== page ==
President Donald Trump signed into law the Veterans Choice Program Extension and Improvement Act, Wednesday, that extends the Veterans Choice Program. It also allows patients who are unable to schedule an appointment at a Veterans Administration facility in a timely manner to receive care from an eligible non-VA doctor for health care. The development comes as Trump makes an effort to deliver on one of his campaign promises. 

The Veterans Choice Improvement Act signed by Trump removes barriers that Congress placed around the original Choice initiative and also eliminates an expiration date that would have ended the program in August this year.

The extension in the meantime will give Veterans Affairs Secretary David Shulkin time to develop a detailed healthcare plan for veterans. Under the newly signed law, the VA will be allowed to continue operating its Choice program until it runs out of funds, which is expected till early next year. The program was scheduled to expire on August 7 with nearly $1 billion left over, according to reports.

Read: President Donald Trump Signs Into Law “Vietnam War Veterans Recognition Act of 2017”

The Choice Program was introduced in 2014 by lawmakers after a scandal took place in which about 40 veterans died while waiting for months for appointments at the Phoenix VA medical center. It was initially formulated as a two-year pilot program that limited when and where veterans could choose to see private doctors. Only those patients could use the Choice program if they lived either more than 40 miles from the nearest VA hospital or if they could not get an appointment from their local VA facility within 30 days.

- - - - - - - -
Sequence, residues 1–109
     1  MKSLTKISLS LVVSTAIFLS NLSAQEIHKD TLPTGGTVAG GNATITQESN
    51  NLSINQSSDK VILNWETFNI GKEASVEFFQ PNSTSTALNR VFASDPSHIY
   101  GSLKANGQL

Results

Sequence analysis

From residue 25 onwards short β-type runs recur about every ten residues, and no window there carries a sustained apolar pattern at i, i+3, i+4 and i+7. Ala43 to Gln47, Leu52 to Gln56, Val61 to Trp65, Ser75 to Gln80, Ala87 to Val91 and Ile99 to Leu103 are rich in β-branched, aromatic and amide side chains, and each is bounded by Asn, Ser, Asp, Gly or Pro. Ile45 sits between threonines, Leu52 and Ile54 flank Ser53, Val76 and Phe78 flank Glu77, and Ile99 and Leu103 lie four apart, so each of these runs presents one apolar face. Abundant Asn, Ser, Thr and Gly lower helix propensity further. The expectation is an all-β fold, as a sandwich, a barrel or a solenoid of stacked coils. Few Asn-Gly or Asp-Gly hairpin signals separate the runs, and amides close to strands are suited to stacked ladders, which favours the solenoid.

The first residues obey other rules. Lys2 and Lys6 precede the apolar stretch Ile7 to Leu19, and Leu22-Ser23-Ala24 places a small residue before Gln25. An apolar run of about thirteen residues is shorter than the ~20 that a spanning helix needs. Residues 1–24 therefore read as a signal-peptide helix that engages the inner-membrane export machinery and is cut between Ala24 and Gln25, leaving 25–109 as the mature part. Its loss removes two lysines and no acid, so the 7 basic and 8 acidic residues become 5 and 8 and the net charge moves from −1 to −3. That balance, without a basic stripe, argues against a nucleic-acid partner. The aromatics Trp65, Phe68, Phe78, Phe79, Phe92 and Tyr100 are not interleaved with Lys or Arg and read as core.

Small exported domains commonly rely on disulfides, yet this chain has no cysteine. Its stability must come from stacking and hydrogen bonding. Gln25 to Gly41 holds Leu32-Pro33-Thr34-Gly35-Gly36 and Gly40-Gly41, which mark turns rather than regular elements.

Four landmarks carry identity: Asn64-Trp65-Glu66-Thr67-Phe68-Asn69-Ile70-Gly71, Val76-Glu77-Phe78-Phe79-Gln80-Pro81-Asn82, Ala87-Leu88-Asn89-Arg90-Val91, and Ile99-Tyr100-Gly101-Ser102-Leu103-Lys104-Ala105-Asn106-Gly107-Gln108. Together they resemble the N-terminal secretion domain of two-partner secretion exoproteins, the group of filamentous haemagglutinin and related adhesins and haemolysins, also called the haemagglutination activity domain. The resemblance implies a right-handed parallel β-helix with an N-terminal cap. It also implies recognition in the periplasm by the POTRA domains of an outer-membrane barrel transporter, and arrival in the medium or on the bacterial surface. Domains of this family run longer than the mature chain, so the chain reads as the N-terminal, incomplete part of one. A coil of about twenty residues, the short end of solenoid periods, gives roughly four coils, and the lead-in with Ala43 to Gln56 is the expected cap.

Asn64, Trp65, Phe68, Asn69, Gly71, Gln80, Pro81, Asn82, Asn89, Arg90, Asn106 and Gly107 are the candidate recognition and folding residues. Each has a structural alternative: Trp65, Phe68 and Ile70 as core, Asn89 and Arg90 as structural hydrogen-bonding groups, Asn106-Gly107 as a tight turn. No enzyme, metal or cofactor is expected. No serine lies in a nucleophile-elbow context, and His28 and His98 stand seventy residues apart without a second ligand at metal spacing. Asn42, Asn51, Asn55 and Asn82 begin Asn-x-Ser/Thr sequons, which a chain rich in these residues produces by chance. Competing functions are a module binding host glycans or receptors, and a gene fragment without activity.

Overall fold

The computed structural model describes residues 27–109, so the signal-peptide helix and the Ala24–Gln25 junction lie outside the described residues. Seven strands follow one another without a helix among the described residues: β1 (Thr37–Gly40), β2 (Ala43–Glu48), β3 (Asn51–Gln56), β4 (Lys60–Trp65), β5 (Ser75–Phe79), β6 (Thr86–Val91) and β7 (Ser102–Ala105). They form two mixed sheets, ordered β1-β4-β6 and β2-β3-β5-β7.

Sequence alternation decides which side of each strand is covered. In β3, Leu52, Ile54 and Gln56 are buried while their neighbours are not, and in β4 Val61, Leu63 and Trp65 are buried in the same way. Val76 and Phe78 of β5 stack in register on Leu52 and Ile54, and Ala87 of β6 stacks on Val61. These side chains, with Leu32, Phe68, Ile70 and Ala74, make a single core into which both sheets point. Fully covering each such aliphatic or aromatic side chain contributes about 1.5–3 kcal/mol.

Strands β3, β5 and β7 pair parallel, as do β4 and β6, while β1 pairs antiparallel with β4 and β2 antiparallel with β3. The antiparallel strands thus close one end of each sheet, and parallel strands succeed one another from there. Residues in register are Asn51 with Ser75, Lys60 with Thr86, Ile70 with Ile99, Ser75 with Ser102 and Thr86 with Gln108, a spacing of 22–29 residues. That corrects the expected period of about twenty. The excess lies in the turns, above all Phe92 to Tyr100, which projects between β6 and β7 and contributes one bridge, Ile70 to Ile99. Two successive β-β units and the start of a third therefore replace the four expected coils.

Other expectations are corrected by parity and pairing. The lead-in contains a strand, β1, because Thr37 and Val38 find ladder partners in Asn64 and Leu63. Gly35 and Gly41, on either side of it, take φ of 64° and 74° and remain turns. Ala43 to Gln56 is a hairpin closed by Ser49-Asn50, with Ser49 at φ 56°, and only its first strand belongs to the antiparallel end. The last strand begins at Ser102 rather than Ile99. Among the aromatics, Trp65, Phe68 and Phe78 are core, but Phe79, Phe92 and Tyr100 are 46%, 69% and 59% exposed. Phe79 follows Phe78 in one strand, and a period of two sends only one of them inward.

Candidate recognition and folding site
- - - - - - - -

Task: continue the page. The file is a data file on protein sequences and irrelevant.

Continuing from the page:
From his campaign days, Trump had promised to improve the healthcare facilities for veterans. According to the Committee for a Responsible Federal Budget, the Choice program cost up to $500 billion over 10 years. Critics are viewing this program as partial privatization that could end up weakening the VA entirely, according to Time.

In the budget request for fiscal year 2017, $75.2 billion in discretionary funding for VA has been proposed, which is a 5 percent increase above the 2016 enacted level. In addition, the budget includes $3.6 billion in estimated medical care collections, for a total discretionary budget authority of $78.7 billion. The budget also includes $102.5 billion in 2017 and $103.9 billion in 2018 advance appropriations for VA’s mandatory benefits programs. The budget proposed to provide $7.2 billion in discretionary funding for veterans’ care in the community, which, combined with resources from the 2014 Veterans Choice Act, will support over 15.6 million medical procedures for veterans by non-VA providers.